cultman1 on August 9, 2016 at 9:02 am

it needs a lot spent on it to bring it up to date.I am sorry to see The EMPIRE name disappearing the Leicester Square showcase. I would rather Cineworld Haymarket reverts back to its original name and a single screen!

goodshow on August 10, 2016 at 5:52 pm

As in the Carlton, Cultman? I have many adverts from the 60s with the Carlton logo and would be willing to post up if cinematreasures members would like.

cultman1 on August 11, 2016 at 7:57 am

yes as the Carlton. What I really am looking for are photos of the actual screens at these wonderful movie palaces of 60sLondon’s West End. No One seems to have images of the Carlton, Astoria or Metropole with their large 70mm screens back then!!

SethLewis on August 11, 2016 at 10:09 am

With a bit of cleanup this could be a great place to see a movie…Screen 1 has depth height and atmosphere that the Empire 1 and Vue screens are lacking – and with the Odeon Leicester Sq due for a refurb this could work…like anything it needs care and some investment…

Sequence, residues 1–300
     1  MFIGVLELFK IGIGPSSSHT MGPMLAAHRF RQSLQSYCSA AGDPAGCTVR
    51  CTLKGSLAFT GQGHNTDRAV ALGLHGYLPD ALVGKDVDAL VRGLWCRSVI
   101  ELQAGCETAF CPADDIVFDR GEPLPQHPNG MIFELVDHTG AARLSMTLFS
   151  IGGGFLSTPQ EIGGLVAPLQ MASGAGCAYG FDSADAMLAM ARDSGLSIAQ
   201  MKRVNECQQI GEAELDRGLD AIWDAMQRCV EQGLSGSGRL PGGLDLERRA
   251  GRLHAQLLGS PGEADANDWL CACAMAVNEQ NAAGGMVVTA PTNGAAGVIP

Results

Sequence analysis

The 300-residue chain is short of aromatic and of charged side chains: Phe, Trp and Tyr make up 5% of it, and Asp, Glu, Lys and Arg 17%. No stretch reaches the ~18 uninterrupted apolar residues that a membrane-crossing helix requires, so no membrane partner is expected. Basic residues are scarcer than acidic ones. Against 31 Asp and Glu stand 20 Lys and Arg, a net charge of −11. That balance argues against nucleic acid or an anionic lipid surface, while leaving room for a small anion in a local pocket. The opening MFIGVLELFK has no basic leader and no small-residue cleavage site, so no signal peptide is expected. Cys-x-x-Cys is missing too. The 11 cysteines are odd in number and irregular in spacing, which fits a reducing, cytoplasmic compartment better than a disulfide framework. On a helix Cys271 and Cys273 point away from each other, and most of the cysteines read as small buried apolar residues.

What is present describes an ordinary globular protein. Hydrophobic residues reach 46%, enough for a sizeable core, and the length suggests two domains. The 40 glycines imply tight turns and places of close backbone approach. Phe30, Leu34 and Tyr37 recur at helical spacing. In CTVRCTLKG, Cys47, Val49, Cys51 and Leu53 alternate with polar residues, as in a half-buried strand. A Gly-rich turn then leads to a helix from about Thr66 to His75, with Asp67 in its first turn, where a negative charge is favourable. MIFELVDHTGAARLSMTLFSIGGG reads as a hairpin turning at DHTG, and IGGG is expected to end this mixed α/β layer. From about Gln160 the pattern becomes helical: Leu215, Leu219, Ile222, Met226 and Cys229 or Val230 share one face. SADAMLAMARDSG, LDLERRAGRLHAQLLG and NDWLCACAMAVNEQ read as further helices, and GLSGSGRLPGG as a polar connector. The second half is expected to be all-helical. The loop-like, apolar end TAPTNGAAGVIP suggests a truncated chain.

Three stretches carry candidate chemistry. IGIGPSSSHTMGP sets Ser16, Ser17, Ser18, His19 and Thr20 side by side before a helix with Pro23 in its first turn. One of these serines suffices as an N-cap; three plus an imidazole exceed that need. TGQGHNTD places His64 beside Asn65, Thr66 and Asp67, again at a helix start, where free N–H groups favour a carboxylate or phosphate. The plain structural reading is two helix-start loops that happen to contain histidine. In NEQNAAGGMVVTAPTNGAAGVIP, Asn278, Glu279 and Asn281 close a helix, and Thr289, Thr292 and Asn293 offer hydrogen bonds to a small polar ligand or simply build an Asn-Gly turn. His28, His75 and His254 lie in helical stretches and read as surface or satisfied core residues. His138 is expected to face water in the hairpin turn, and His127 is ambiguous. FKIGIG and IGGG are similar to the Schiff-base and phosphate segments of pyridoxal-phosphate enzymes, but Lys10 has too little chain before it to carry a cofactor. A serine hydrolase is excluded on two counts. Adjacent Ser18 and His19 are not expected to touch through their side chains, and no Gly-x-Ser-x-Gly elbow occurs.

zappomatic on August 15, 2016 at 8:58 pm

Still no sign of when this is going over to Empire. Listings have appeared for next week and bizarrely two of the films are also showing at the former Empire Leicester Square, often at similar start times. Surely better to offer more choice?

Cjbx11 on August 17, 2016 at 9:04 am

Cineworld have said that they are waiting for permission from their landlord before the transfer of ownership to Empire can take place.

zappomatic on February 23, 2017 at 7:51 pm

Still a Cineworld and becoming ever more threadbare. For some reason some of the programming duplicates Leicester Square, even right down to the showtimes.

cultman1 on February 24, 2017 at 10:34 am

maybe this historic cinema may be closed soon and converted to yet more flats?